China mulls security pact at Pacific islands summit

SUVA: Chinese Foreign Minister Wang Yi is meeting with leaders and senior officials from ten Pacific island states on Monday (May 30) in a regional diplomatic blitz that has raised serious concerns in the West.

The virtual summit is expected to discuss leaked proposals for China to radically increase its involvement in South Pacific security, economy and politics.

Wang is in the Fijian capital, Suva, where he will co-host a virtual meeting with regional foreign ministers – many of whom are also leaders of small island states.

On the table is a secret deal – secured by AFP – that would see China train local police, get involved in cybersecurity, expand political ties, carry out sensitive nautical mapping and gain better access to natural resources on land and in water.

As an inducement, Beijing is offering millions of dollars in financial aid, the prospect of a China-Pacific Islands free trade deal and access to China’s vast market of 1.4 billion people. .

Only Pacific countries that recognize China rather than Taiwan will attend today’s summit, including those Wang has already visited during his regional whistle – the Solomon Islands, Kiribati, Samoa and Fiji.

The proposal comes as Beijing is jostling with Washington and its allies over influence in the strategically vital Pacific.

BALANCE

Analysts say the deal is unlikely to be unanimously approved by Pacific island leaders today.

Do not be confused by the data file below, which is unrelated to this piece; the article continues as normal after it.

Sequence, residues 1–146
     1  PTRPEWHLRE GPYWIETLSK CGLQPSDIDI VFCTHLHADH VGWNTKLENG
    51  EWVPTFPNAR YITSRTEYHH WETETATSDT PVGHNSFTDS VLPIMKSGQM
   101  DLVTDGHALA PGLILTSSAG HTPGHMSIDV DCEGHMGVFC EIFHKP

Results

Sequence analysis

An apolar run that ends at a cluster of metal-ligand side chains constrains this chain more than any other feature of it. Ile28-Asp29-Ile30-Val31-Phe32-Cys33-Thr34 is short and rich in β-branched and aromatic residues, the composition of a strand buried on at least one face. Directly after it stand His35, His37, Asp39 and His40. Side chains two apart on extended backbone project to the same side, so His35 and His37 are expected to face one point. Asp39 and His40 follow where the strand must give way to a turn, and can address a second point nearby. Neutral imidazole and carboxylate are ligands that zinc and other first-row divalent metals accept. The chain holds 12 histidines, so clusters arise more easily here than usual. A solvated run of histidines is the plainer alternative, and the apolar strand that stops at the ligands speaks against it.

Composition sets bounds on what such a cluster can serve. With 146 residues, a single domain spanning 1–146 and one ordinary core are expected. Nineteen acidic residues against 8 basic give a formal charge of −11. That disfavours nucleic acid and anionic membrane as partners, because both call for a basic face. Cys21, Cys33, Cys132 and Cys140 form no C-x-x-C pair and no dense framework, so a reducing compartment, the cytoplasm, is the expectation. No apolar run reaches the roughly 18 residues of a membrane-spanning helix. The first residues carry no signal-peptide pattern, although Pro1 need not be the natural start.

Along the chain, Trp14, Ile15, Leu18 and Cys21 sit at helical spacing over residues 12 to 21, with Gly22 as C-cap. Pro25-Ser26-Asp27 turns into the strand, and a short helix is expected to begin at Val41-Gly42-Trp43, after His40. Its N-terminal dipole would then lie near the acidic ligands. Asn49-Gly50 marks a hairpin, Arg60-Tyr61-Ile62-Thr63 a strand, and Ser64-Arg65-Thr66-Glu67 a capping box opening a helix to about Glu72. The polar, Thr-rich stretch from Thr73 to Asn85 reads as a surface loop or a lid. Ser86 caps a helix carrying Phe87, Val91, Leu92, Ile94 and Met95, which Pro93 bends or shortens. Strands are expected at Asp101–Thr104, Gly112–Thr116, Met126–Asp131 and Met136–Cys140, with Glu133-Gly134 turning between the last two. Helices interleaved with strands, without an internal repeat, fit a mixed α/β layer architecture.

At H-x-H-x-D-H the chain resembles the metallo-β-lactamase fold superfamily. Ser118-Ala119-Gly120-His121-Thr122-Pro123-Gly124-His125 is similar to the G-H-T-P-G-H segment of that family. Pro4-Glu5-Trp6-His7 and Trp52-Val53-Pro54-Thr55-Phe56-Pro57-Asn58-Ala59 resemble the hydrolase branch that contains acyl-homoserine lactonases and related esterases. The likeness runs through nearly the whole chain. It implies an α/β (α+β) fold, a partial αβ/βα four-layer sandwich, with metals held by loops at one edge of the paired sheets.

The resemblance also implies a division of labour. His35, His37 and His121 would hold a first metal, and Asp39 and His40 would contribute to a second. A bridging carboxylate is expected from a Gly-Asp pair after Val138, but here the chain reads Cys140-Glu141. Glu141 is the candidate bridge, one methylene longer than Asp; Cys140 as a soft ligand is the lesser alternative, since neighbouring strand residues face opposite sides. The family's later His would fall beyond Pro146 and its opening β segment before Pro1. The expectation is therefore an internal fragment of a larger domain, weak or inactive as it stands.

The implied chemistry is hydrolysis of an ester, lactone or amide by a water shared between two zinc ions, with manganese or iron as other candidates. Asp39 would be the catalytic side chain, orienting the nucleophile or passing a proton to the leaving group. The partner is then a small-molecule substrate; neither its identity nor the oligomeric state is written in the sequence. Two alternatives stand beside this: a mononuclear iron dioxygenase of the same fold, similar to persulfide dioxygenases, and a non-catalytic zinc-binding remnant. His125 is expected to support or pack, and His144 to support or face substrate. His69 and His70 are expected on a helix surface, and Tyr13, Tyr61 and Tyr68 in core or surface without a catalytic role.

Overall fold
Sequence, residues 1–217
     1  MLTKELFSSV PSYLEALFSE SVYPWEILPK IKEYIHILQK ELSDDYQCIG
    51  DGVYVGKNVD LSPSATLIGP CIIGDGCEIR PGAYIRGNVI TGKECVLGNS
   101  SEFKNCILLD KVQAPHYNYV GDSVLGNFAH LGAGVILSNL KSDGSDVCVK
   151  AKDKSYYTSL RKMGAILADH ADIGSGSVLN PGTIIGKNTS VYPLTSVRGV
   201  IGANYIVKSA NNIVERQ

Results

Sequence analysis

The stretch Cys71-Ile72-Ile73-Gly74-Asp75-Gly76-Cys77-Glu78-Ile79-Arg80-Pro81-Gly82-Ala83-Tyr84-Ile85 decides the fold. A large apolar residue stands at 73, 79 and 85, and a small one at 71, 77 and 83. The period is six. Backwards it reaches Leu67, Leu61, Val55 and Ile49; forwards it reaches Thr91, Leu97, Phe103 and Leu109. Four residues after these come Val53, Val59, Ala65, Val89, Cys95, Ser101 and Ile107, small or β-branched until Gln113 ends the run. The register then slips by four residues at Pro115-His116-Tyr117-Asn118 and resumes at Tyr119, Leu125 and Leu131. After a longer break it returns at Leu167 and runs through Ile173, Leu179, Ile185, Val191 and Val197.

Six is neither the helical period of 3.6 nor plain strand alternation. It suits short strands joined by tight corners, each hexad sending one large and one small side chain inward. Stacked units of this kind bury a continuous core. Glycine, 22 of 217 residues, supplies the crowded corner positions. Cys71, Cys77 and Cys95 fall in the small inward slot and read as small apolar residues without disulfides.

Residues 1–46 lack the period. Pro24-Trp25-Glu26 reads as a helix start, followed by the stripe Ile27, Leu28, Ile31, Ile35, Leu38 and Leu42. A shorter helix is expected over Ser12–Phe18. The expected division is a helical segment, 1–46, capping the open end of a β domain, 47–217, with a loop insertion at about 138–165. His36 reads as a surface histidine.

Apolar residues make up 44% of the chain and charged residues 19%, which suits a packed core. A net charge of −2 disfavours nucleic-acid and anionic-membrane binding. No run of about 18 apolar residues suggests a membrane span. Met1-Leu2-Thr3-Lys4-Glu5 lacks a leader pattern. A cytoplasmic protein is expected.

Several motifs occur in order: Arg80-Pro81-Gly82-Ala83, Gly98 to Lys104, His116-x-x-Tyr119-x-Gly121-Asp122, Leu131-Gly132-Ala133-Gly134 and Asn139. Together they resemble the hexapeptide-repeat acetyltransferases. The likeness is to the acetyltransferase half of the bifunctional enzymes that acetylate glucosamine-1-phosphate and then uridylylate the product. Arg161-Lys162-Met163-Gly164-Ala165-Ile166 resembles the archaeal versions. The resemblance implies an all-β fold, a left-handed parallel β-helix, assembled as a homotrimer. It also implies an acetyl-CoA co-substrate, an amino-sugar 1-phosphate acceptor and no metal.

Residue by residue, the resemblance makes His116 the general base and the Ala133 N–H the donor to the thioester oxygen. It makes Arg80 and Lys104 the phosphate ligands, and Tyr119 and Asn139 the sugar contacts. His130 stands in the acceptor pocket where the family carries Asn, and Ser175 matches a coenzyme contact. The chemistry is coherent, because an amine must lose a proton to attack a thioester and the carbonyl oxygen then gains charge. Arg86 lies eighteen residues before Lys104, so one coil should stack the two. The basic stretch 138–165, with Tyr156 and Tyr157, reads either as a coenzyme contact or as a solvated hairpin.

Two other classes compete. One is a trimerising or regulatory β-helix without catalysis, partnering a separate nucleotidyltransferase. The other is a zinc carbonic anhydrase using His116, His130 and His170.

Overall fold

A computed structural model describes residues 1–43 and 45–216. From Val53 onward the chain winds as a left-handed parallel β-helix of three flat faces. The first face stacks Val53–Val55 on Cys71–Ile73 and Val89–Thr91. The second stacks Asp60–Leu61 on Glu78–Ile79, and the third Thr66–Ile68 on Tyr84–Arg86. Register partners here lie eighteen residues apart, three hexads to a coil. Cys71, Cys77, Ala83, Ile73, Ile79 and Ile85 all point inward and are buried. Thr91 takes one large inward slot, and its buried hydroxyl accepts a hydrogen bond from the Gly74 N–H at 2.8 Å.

A recent security deal between the Solomon Islands and China has caused deep unease in a region that is typically more concerned with climate change than superpower politics.

“The Solomon Islands came across as an outlier, there was no interest,” said Richard Herr, a University of Tasmania scholar with decades of Pacific island experience.

The region will be reluctant to “be drawn into geostrategic competition”, he said.

Beijing’s latest proposal has already been rebuffed, including by Federated States of Micronesia President David Panuelo, who has warned other Pacific leaders that it could cause “the breakdown of peace, security and stability. regional”.

The president of Palau, a Pacific nation that has diplomatic ties with Taiwan, told the ABC on Monday that the region “should be concerned” about the proposed deals.

Western powers have bristled at the deals, with the US State Department warning the Pacific to be wary of “dark and vague deals with little transparency” with China.

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